Highland High School’s coffee shop is teaching students life skills
Early in the morning at Highland High School, while most students are still waking up, Jared Atwood and Laurence Fisher are busy, taking orders and brewing coffee for their classmates.
The pair gets to the school early, before the bell rings for 8 a.m. class to get Bulldog Grounds, the school’s new coffee shop, up and running and ready to serve a variety of flavors of coffee, tea and chocolate milk.
The cafe is a new program at Highland High School that gives students an extra boost in the morning and helps the school’s Special Transitional Experience Program (STEP) students prepare for life after graduation.
Winter break will mark one semester down for the coffee shop located in the high school’s common area. Every weekday, students work at the coffee shop throughout the day in the hope that the shop will give them the experience they’ll need before they graduate.
HHS special education teacher Gayla Stirewalt, who oversees the program said students who work at the coffee shop get a unique chance to take lessons they learn in the classroom and apply them to a real workforce experience.
STEP students typically are students with anxiety, characteristics of autism, learning disabilities or communication issues, Stirewalt said. She said the cafe offers those who have the most difficult a ground-level place to start learning about life after high school.
“My job is to try to transition them past high school so that they are able to work out in our communities, be productive citizens and give back,” Stirewalt said. “That’s what I want this to lead to.”
Students like Atwood and Fisher, who work the morning shift, are prime examples of how the coffee shop can make a difference for a student, Stirewalt said. Each morning the pair take orders from classmates and casually chat with other students, something she said wouldn’t be the case without the shop.
She said student interaction is just one of the lessons taught by working in the shop.
“We talk about how to address people, how to clean an area and job skills in general,” Stirewalt said. “Things, like staying on task, following a direction, being trustworthy and loyal, dealing with and counting money, are all covered. Things they don’t do on a typical daily basis in a classroom, they actually get to put to use.”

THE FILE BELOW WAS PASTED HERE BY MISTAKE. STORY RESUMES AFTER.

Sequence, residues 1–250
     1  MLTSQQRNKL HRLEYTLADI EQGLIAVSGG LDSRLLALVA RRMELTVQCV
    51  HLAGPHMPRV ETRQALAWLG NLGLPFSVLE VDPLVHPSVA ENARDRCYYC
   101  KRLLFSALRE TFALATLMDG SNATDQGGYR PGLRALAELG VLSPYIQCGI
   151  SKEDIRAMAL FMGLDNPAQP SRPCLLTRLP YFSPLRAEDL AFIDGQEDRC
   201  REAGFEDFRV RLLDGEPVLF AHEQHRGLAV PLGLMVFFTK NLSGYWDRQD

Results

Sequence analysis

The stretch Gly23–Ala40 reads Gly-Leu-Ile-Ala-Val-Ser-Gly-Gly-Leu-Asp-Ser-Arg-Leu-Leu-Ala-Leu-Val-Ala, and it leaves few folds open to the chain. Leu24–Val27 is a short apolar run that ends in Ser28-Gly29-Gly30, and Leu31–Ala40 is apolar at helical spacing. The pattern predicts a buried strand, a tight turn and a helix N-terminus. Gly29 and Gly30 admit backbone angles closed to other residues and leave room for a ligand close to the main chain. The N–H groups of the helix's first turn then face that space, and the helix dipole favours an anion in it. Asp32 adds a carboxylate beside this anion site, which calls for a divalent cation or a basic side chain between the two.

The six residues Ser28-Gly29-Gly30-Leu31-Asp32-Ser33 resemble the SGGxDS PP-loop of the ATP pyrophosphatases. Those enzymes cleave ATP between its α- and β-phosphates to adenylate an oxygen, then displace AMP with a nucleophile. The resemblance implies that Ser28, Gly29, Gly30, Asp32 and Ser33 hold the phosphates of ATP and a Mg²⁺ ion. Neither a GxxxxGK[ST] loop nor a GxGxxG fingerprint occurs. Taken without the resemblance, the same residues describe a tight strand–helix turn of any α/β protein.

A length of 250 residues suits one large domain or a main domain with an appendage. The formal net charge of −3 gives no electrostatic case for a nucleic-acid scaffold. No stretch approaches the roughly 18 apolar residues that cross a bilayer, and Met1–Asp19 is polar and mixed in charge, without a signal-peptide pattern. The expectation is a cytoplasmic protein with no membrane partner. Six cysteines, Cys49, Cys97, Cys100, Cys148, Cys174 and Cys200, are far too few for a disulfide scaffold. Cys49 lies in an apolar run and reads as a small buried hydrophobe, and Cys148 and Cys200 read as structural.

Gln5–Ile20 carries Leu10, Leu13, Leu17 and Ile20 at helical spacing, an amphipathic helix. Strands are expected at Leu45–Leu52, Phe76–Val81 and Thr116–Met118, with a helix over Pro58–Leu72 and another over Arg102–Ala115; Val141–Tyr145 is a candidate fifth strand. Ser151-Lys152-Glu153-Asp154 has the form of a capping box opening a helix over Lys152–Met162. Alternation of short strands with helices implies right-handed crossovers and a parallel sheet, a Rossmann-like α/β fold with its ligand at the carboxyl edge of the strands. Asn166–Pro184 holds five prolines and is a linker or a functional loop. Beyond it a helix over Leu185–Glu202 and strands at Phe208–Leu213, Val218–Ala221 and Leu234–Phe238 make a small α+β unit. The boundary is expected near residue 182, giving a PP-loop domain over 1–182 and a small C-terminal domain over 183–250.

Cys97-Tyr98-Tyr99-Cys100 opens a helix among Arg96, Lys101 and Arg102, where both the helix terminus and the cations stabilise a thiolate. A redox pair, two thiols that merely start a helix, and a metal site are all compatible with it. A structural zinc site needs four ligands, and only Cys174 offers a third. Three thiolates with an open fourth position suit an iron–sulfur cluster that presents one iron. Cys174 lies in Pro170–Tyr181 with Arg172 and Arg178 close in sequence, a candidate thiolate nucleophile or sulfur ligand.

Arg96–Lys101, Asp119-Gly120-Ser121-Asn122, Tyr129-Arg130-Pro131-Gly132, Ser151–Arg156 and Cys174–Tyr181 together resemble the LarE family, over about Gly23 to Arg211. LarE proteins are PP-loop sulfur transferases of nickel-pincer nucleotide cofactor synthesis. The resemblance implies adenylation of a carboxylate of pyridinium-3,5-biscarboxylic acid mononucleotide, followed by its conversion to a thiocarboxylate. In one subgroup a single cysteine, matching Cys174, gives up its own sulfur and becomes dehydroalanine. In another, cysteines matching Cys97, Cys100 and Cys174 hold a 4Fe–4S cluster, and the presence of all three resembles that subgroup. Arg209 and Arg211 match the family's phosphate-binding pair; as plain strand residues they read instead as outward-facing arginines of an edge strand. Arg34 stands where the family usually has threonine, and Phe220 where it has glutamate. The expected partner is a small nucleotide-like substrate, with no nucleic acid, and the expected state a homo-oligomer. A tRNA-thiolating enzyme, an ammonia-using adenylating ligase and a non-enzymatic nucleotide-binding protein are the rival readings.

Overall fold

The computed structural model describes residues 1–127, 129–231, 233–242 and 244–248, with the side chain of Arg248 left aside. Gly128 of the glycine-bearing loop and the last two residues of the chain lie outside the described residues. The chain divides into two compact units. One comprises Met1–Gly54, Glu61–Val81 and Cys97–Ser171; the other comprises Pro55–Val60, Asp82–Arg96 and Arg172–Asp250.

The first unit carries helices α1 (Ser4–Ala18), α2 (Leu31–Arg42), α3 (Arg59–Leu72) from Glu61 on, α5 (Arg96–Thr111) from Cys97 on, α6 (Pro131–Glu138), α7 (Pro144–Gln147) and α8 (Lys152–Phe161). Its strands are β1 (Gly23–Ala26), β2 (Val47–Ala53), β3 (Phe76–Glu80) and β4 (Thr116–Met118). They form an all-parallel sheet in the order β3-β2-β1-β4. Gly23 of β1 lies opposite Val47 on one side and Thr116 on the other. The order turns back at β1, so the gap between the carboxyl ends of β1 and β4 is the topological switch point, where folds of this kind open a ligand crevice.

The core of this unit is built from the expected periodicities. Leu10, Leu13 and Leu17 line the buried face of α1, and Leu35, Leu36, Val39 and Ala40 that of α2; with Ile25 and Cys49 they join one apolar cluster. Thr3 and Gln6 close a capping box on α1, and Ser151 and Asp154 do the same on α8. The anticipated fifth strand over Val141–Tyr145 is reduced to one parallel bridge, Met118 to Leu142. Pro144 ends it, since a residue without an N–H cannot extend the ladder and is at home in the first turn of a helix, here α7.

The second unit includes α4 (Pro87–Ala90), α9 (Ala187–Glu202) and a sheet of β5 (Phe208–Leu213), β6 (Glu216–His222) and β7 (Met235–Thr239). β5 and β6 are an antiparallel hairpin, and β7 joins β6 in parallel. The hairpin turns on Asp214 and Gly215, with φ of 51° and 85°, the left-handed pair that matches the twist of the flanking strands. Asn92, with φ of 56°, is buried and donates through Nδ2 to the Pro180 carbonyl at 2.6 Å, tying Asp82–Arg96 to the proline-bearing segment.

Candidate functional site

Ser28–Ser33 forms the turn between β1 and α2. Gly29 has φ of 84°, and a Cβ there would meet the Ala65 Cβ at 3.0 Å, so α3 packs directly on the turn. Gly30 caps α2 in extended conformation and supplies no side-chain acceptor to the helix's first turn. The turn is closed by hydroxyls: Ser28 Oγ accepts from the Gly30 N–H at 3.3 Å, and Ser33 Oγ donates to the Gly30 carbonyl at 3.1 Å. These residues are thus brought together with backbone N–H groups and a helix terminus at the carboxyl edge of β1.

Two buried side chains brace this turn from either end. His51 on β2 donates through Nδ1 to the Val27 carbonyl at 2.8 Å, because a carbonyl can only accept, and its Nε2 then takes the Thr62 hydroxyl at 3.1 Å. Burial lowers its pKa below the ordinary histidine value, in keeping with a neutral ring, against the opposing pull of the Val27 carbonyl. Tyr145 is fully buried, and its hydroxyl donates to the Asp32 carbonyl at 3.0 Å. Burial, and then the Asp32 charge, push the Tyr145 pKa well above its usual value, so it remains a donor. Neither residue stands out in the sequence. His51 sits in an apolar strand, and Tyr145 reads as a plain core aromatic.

Students work in different shifts throughout the day, the morning rush being the busiest. Toward the end of the day, STEP students clean the shop, which serves as a detention classroom when the shop closes. If they perform well and follow the shop’s guidelines, they receive incentive pay for working at the store.
Different students are picked each month from Stirewalt’s two job skills courses. They then schedule blocks in which they’d prefer to work. She said it gives different students a chance to get the real-world experience from the shop.
Highland is the latest of many Madison County schools who have STEP coffee shops and cafes, Stirewalt said. She said last year she applied for a STEP grant to fund the coffee shop and the higher STEP levels. The grant currently funds the shop and all proceeds from the shop go back into the fund.
The class isn’t confined to just the coffee shop. Students at higher levels of the course get a chance to work at different locations around town. Three of Highland’s STEP students currently work at Highland Animal Hospital and two work at HSHS St. Joseph’s Hospital in town.
There are three levels of STEP work at the high school. The first step sees students working on basic skills like they do at the cafe. The second step focuses on volunteer work and teaches students more advanced skills, like filling out an application. The students who work at the animal hospital and HSHS are second STEP students.
The third STEP, Stirewalt said, sees students going out into the community and getting jobs with businesses.
As for the coffee shop, Stirewalt said she hopes it continues to grow. She said cafes around the state serve food and have a larger variety of beverages, something she hopes the cafe can achieve in the long run.
For now, though, she said she sees her students improving with every day they work at Bulldog Grounds.
“We’re just trying to build that first step for those students who need more support,” Stirewalt said.